Asymptomatic HIV infection
Asymptomatic HIV infection is a phase during chronic infection with HIV (human immunodeficiency virus) during which there are no symptoms of HIV infection.
Causes, incidence, and risk factors
Asymptomatic HIV infection is a period of varying length in which there is slow deterioration of the immune system without clinical symptoms. There is frequently a decline in the CD4 counts, an index of immune function.
The length of this phase is highly variable among individuals and correlates with the level of replication of HIV in each individual, as well as genetic differences in the way the immune system handles the virus.
In some individuals, the asymptomatic phase can last 10 years or longer, while in others, clinical symptoms and worsening immune function may occur within a few years from the time of original infection.
Asymptomatic HIV infection is, by definition, characterized by the absence of symptoms associated with HIV, such as fevers, weight loss, oral thrush, or any opportunistic infections (such as with Pneumocystis carinii pneumonia, cytomegalovirus, and Mycobacterium avium).
Signs and tests
The diagnosis of HIV infection is based on standard blood tests, such as the HIV antibody test ELISA - followed by a confirmatory Western blot.
The timing of antiretroviral therapy for asymptomatic individuals is controversial. All asymptomatic individuals with CD4 counts of less than 200 should be on therapy.
Many experts would also treat individuals with CD4 counts between 200 and 350. In the case of asymptomatic individuals with a CD4 count greater than 350, some would recommend therapy, especially if the HIV viral load is elevated (greater than 55,000 by RT-PCR or 30,000 by bDNA). However, this is a subject of debate.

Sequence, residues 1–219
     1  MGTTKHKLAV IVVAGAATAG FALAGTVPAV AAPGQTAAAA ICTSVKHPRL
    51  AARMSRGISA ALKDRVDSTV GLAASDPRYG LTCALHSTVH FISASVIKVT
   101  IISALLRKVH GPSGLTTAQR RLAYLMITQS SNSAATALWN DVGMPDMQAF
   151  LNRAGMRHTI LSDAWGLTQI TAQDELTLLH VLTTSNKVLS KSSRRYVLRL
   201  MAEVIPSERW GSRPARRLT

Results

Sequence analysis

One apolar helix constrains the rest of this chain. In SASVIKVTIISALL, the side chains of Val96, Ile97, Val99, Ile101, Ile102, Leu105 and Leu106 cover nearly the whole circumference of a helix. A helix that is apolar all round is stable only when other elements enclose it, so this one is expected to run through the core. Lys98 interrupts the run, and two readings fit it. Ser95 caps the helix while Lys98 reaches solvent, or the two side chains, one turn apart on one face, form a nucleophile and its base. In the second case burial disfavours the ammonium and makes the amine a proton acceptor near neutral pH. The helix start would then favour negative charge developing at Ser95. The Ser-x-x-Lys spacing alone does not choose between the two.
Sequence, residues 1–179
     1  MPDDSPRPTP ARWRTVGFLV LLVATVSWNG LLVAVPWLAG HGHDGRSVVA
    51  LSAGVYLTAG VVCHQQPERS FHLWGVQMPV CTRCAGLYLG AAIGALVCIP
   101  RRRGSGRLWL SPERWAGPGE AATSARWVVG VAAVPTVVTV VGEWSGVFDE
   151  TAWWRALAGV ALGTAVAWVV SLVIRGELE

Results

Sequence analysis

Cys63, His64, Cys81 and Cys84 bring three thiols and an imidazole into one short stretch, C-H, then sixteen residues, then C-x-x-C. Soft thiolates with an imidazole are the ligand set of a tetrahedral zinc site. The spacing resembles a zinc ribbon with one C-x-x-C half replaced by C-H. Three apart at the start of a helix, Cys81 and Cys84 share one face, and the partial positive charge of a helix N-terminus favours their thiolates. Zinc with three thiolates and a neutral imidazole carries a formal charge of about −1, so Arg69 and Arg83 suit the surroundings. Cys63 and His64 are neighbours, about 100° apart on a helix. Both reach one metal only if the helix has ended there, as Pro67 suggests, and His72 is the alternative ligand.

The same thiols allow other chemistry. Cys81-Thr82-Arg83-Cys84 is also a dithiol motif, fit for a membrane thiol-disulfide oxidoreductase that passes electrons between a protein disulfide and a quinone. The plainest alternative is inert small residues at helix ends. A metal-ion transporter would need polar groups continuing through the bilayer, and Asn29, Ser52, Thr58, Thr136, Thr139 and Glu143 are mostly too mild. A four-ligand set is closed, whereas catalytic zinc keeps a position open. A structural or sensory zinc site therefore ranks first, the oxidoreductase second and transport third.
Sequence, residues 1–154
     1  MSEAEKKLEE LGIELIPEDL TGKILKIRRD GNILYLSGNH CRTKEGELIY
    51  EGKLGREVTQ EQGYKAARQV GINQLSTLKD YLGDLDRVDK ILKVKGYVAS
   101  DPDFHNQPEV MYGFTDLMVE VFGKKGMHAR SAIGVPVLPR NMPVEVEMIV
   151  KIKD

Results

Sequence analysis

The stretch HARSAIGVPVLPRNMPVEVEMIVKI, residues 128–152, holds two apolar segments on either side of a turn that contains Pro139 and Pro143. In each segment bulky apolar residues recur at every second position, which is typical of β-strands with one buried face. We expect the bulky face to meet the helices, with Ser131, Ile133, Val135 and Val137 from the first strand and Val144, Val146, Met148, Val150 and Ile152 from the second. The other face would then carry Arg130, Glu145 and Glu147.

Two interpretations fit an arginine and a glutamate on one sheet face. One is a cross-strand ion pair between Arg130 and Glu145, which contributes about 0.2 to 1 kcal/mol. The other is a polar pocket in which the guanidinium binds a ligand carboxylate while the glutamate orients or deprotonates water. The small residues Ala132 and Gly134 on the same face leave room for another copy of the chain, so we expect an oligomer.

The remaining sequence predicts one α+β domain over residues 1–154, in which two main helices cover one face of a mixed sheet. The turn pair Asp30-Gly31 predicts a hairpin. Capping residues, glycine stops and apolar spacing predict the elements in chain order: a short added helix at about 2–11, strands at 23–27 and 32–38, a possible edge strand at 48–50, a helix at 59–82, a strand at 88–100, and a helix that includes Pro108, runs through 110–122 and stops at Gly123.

Additional factors, such as patient readiness and the ability to adhere to therapy, must be taken into consideration before initiating antiretroviral therapy.
The stress of illness can often be helped by joining a support group where members share common experiences and problems. See AIDS - support group.
HIV is a chronic medical condition that can be treated, but not cured. The availability of combination antiretroviral therapy has significantly delayed the progression to AIDS and decreased the incidence of AIDS-related opportunistic infections.
Individuals with asymptomatic infection may progress to symptomatic HIV infection and develop opportunistic infections associated with HIV. In addition, pregnant women with asymptomatic HIV infection may still transmit HIV to their fetus.
Calling your health care provider
Notify your health care provider if you have HIV and you develop fevers, weight loss, swollen glands, and/or night sweats, as you will need to be evaluated and antiretroviral therapy might need to be considered.
Prevention of HIV infection relies primarily upon decreasing the risk of sexual transmission by safer sex behaviors, as well as avoiding contact with contaminated blood (ceasing injection drug use or not sharing needles or syringes, and proper screening of blood products).
Individuals at risk for HIV infection should undergo periodic testing to ensure early diagnosis of this infection, as there are numerous treatment options available.
by Janet G. Derge, M.D.
All ArmMed Media material is provided for information only and is neither advice nor a substitute for proper medical care. Consult a qualified healthcare professional who understands your particular history for individual concerns.